Teacher, mother, secret lover: three songs about T.V.

This is a needlessly esoteric premise even by my standards, buuuut:

In the “Treehouse of Horror V”, The Simpsons‘ fifth Halloween special, Homer abandons attempted homicide to gaze at small, portable television lying in the snow and states, “T.V. Teacher, mother, secret lover.” He more or less coos the last two words.

Today, while listening to Colleen Green, I realized I knew of three songs about television that hit on at least one of those criteria pretty squarely while also generally being good songs, and decided I might as well preserve that thought for posterity in the form of this list.

  • “T.V.” by Colleen Green

This power pop song off of Green’s third album, I Want to Grow Up, really covers the first two elements of Homer’s television triad very well within this song’s opening seconds. “T.V. is my friend/And it’s been with me everyday/From an early age,” succinctly sets the stage for a song all about forging a meaningful, lifelong connection¬† bathed in the soft, blue luminescence of a television screen.

It really reminds me of that famous Freaks and Geeks scene where a latchkey kid played by Martin Starr makes a disgusting snack and hunkers down to watch t.v. and laugh riotously,even though it’s readily apparent his life is generally miserable.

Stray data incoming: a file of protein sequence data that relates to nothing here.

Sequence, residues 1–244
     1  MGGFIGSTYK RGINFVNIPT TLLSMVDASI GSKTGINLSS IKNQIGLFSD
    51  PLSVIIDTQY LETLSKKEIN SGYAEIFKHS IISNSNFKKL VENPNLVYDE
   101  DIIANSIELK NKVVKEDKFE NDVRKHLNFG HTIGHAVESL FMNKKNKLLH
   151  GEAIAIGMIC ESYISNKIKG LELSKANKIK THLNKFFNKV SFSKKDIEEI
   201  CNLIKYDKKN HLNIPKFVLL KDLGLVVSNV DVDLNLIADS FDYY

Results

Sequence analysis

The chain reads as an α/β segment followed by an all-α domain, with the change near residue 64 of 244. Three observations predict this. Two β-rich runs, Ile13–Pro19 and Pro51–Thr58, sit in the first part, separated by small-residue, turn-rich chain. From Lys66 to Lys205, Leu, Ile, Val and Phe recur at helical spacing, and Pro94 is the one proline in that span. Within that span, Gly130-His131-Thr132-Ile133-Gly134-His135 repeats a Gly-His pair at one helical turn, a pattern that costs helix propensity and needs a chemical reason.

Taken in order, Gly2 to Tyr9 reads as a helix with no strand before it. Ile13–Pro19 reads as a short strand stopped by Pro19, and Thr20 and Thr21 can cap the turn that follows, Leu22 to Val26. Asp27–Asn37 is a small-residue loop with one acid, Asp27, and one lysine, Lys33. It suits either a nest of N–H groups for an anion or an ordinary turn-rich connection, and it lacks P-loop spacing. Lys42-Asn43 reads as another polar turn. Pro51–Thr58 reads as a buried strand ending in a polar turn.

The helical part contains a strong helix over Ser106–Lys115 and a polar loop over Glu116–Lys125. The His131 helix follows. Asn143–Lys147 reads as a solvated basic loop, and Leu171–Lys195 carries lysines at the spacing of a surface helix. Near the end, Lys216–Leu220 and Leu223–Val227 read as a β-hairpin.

• “T.V. Luv Song” by Wavves

Musician and delightful human waste product Nathan Williams definitely seems like a dude who watches a lot of t.v.–possibly immediately after ingesting drugs.So it wasn’t really a surprise that he penned a gleeful ode to getting trashed with only t.v. to keep him company.What is a surprise is that years after this tossoff single was released, I still return to it’s bubblegum garage sound fairly often.

This improbably falls into both the teacher and secret lover categories.

  • “TVC15” by David Bowie

I thought I might have a tough time finding a song about a person with explicitly romantic feelings for an appliance, but thankfully, there’s this gem off of Station to Station.

As Bowie helpfully explains, “This is a love story between a girl and her television.”

It’s really that cut and dry.